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Starsky & Hutch   C-

Warner Bros. Pictures

Year Released: 2004
MPAA Rating: PG-13
Director: Todd Phillips
Writers: Todd Phillips, William Blinn, Stevie Long, John O'Brien, Scot Armstrong
Cast: Ben Stiller, Owen Wilson, Vince Vaughn, Juliette Lewis, Snoop Dogg, Fred Williamson, Amy Smart, Carmen Electra.

Review by Rob Vaux

That scraping sound you hear is postmodernism hitting the bottom of the barrel. Only a movement entering its death rattle could reach so far down the pop culture ladder with such trite, forgettable results. Starsky & Hutch, an unremarkable cop show from a decade of unremarkable cop shows, has now been remade as a big-time movie, leaving only its mediocrity intact. While the filmmakers clearly adore the source material, they don't have the first idea how to turn it into something worthwhile.

The original Starsky & Hutch had little to separate it from every other police drama on TV, save its nicely self-effacing leads (David Soul and Paul Michael Glaser) and a red-and-white Gran Torino that at least tugged at the foundations of cool. The remake takes the same general tactic, plugging Owen Wilson and Ben Stiller into the title roles and setting them loose on a formulaic comedy far beneath their talents. It's a promising pairing -- the two always work well together, and their parts match up with their respective comedic personae. Stiller's David Starsky is uptight and by the book, while Wilson's Ken Hutchinson is a laid-back flake. Sadly, the amount of thought put into the project never extends beyond that.

Instead, it's a series of questionable sketches centered on a typically evil drug lord (Vince Vaughn) and the cocaine he's preparing to sell. The jokes ostensibly serve as send-ups of standard cop show situations -- the partners go undercover as mimes and bikers, interrogate the local thugs, and trade barbs with their long-suffering captain (Fred Williamson), who's always two inches away from suspending them. If parody is the purpose, however, then it's sadly late to the dance. Police Squad! had the genre shot, stuffed, and mounted two decades ago, and Starsky & Hutch doesn't apply one-tenth of their zeal to the task. It shows too much affection for the TV show to really get nasty, but can't quite bring itself to admit as much openly. Instead, it rambles along somewhere in between, serving up mushy humor that never really coalesces, and flirting with genuine homage before backing off into semi-satirical rim shots.

Most of its hopes lie in its two leads. Stiller and Wilson have charm to spare, but without more to support them, their presence gets spread awfully thin. Even when they're spot-on -- as they were in Zoolander -- there's only so much that witty interplay can carry. When their shtick fails, the film resorts to simplistic '70s-bashing, poking weakly at the cultural absurdities of the time. "Look at their silly fashions! Their primitive technology! Their disco infernos! My God, how could we have ever lived that way?!" It's all too timid and too easily derived to leave much of a mark.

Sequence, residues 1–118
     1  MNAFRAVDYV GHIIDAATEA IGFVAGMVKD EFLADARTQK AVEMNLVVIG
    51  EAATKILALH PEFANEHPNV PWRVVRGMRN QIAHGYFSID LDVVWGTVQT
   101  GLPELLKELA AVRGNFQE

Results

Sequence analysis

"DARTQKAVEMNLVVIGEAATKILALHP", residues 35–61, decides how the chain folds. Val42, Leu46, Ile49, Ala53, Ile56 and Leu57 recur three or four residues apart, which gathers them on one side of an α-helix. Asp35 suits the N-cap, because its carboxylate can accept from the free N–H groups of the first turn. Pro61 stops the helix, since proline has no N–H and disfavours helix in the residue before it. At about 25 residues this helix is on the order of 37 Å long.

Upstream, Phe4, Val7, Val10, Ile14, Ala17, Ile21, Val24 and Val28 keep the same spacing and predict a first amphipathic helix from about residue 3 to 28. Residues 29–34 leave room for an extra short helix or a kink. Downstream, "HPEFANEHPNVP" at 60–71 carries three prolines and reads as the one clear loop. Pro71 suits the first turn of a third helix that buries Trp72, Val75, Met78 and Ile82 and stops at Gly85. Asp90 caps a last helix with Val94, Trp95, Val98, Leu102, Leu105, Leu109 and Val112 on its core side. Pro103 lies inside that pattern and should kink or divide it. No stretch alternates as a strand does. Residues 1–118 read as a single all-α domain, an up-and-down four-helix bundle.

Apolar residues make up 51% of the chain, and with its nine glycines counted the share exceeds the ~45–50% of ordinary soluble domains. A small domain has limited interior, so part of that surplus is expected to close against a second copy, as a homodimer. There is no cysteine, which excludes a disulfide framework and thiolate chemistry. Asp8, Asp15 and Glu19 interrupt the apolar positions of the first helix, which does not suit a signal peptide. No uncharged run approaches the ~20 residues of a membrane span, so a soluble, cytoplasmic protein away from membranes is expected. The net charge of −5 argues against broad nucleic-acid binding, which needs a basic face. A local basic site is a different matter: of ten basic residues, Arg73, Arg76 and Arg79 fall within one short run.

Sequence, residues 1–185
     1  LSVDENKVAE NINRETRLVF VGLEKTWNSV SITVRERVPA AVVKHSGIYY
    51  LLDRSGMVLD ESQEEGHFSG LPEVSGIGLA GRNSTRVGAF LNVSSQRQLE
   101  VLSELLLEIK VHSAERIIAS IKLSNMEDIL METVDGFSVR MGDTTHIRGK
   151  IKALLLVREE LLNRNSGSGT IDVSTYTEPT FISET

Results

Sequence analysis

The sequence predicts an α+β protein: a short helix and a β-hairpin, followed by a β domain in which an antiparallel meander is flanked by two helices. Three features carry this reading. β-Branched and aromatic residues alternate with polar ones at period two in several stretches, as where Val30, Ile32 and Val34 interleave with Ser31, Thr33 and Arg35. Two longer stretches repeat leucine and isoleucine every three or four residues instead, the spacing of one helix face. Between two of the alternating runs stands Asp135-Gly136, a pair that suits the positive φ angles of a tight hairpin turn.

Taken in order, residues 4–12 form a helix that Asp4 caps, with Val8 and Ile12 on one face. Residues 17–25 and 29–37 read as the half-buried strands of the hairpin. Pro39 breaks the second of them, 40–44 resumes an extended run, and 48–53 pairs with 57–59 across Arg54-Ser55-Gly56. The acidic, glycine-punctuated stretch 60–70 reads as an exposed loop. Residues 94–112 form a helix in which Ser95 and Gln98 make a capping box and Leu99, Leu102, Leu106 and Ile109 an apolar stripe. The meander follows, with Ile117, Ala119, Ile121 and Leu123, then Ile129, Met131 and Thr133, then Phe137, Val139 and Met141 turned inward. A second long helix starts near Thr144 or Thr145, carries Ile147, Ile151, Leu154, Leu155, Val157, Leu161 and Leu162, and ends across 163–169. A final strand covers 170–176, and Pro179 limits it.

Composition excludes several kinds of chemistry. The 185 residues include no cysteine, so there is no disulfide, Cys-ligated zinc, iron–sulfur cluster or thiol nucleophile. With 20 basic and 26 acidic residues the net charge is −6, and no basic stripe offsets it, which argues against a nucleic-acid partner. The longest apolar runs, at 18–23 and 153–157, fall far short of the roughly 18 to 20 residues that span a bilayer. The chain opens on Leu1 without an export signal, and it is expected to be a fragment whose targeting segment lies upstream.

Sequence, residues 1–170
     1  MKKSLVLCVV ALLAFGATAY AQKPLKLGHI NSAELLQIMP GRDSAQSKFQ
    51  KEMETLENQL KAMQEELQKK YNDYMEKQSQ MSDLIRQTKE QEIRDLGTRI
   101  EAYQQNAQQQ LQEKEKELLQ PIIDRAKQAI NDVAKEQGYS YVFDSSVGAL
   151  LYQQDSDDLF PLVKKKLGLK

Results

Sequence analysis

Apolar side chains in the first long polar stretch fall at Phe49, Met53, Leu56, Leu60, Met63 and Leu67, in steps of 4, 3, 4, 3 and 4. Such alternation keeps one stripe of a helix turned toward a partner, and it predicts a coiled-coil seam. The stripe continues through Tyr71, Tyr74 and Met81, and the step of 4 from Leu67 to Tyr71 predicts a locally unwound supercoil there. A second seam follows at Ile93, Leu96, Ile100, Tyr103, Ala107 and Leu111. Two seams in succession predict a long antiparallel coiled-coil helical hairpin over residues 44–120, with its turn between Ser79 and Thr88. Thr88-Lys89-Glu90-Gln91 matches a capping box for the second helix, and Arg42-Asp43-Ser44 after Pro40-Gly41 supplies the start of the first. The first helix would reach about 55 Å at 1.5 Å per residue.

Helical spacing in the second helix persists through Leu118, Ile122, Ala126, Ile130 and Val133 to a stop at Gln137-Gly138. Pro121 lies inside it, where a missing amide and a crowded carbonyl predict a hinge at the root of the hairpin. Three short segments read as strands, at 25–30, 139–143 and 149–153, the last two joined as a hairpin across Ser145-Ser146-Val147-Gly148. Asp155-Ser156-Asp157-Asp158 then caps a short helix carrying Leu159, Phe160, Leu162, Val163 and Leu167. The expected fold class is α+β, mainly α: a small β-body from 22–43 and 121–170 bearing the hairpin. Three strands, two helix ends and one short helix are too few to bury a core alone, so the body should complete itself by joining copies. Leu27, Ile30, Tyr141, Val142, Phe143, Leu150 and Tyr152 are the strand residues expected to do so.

Some additional solace can be found in Vaughn, whose Sneering Ass routine finds very funny life as a third-rate villain. Director Todd Phillips clearly relishes the bad guy moments -- the energy perks up noticeably when Vaughn is on-screen -- and he slips in a quasi-amusing cameo for Will Farrell as well. Coupled with the leads, it's enough to at least hold our attention. Unfortunately, the other characters never measure up; witness Snoop Dogg working bravely with very little as pimp cum informant Huggy Bear, or Juliette Lewis, completely invisible as Vaughn's squeeze Kitty. Dogg admittedly has one of the best lines in the piece ("I know some people who know some people who rob some people") and his scene on the golf course with Vaughn is a riot, but there was so much more to be had there than we see. Huggy finally feels more like he's warming up for Part II than playing any significant role now.

The remainder of the film is equally perfunctory, seemingly existing only because it's too early to do another Charlie's Angels sequel. Good satire requires boldness and bravery, while a good remake needs to play its source straight. Starsky & Hutch is neither, clinging to the fence in a desperate attempt to have its cake and eat it too. With a few more laughs, it make have been forgivable, but too many funny people are doing far too little to hide the empty space. If you're going to exhume a body, you need to make more of an effort to bring it to life. Starsky & Hutch simply can't be bothered.

Review published 03.05.2004.

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